Data consistently back up the link between the prevalence of smartphone use while driving and car crashes. Car accident victims suffer property damage and threats to their lives due to at-fault drivers not going hands-free — cycling through apps on their phones, sending messages, or even manually toggling GPS navigation features. Experienced litigators can wield evidence of distracted driving in getting compensation for car accident plaintiffs, drawing on resources like witness testimonies and at-fault driver admissions, as well as cell phone records that show activity during the crash.
Idaho Car Accident Reporting Laws
In Idaho, drivers are legally obligated to report car accidents to law enforcement and to render assistance to victims on the scene. Failure to provide the authorities with “immediate notice” of a motor vehicle crash — considered concealing a crime — will subject an individual to charges on top of other violations within the incident itself.
Idaho has also instituted a workaround for at-fault drivers who may want to conceal evidence of a car crash, as car accident reporting laws extend to auto shops and mechanics. Idaho motor vehicle repair shops are required by law to report any car they receive that shows evidence of having been involved in a collision.
These laws are especially useful for ensuring that car accident victims are supported through official reports of the scene, which are an invaluable basis for reconstructing the incident and establishing negligence within possible lawsuits.
Idaho Hit-and-Run Laws
Another logical extension to holding Idaho at-fault drivers accountable through car accident reporting is the state’s robust legislation regarding hit-and-run incidents. Leaving the scene of a car accident that has caused property damage or injuries without offering reasonable assistance to victims is against the law. Fleeing the scene of a car accident is considered a hit-and-run misdemeanor if it results in property damage alone and a hit-and-run felony if the at-fault motorist was driving under the influence or if the accident resulted in victim injuries or death.
Car accident plaintiffs who have had to weather through iterations or combinations of these violations often seek legal counsel. Idaho car accident attorneys would know how to maximize the damages victims are entitled to—including the possibility of securing punitive damages on top of economic and non-economic damages—given their familiarity with Idaho’s stringent car crash reporting statutes.
Idaho Minimum Auto Insurance Requirements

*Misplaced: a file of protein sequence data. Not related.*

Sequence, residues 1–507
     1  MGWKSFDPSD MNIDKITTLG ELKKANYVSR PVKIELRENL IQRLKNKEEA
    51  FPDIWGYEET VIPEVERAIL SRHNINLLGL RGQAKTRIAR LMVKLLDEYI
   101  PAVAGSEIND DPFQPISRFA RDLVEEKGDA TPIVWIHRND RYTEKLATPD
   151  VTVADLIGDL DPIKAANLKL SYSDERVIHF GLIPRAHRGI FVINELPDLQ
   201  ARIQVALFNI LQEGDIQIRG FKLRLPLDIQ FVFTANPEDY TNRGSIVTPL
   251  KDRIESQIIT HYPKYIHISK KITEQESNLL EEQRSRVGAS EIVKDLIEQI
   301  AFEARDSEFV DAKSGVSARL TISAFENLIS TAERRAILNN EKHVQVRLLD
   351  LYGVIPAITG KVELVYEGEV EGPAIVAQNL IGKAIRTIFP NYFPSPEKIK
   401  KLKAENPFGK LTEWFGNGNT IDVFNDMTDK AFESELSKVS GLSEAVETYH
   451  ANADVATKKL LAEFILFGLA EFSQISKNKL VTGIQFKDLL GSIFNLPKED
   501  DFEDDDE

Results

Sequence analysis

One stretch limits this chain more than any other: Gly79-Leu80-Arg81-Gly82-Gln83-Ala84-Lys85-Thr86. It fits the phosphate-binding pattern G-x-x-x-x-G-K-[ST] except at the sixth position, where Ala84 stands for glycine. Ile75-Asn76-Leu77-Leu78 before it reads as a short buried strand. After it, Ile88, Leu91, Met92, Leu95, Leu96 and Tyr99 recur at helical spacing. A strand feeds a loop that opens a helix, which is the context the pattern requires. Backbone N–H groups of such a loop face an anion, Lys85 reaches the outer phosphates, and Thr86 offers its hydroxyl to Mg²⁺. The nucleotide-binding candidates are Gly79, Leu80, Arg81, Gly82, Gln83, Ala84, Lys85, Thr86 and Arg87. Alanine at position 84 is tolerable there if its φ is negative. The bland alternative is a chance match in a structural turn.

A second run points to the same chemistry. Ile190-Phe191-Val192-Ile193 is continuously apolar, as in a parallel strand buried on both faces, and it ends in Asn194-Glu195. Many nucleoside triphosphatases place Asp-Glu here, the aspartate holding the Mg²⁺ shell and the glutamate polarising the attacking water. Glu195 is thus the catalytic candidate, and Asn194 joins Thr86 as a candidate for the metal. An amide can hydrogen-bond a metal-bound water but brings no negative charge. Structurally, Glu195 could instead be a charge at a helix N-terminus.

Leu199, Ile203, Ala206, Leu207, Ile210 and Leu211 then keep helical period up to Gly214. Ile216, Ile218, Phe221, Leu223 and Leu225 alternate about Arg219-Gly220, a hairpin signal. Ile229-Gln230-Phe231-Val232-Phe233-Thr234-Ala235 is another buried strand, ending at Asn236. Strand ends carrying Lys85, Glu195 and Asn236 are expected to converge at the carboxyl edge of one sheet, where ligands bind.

Idaho drivers are required to maintain at least the minimum insurance coverage for bodily injury liability and property damage liability for each personal-use motor vehicle. Car insurance companies must also provide coverage for uninsured and underinsured motorists in an amount equal to the chosen coverage for bodily injury.
Bodily Injury Liability
When the policyholder is at fault in a collision, bodily injury liability coverage helps cover the costs of the injuries sustained by other drivers and passengers. Typically, this coverage pays for other persons’ medical expenses. Bodily injury coverage in an auto insurance policy must be maintained at a minimum of $25,000 per person and $50,000 per accident, according to Idaho law. The maximum sum of money that the insurance company is required to reimburse the other party on a driver’s behalf is specified in a policy's coverage limits. Larger limitations can be purchased.
Property Damage Liability
When the policyholder is at fault for the damage to someone else's property, such as other motor vehicles or the exterior of a home, property damage liability compensates for that damage. According to Idaho law, drivers must have property damage liability coverage with a minimum limit of $15,000 per accident. The maximum sum of money that the insurance company is required to pay to the other person on a policyholder’s behalf is specified in a policy's coverage limits. Larger limitations can be purchased for greater security.
Uninsured and Underinsured Motorist
Unless the car owner or driver has expressly refused the coverages in writing, insurance firms are required to offer uninsured motorist (UM) and underinsured motorist (UIM) bodily injury coverage. Although this may vary between insurance companies, in general, the coverage limitations for a UM/UIM bodily injury policy will mirror the coverage limits selected for the bodily injury liability coverage limits.
Idaho is a Fault-Based State for Insurance Claims
Idaho follows the fault-based statute for insurance claims. This means that the driver deemed at fault for the car accident is responsible for compensation, and their insurance company will pay for the victim’s losses according to the coverage limits.
Liability decisions generally take a while to determine, with many factors at play, on top of the distinct circumstances leading to the crash. The driver who received a ticket for a traffic infraction from the responding police officer may not automatically be held responsible by the insurance company. Before deciding who is to blame for an accident, the insurance company conducts an investigation into the car accident.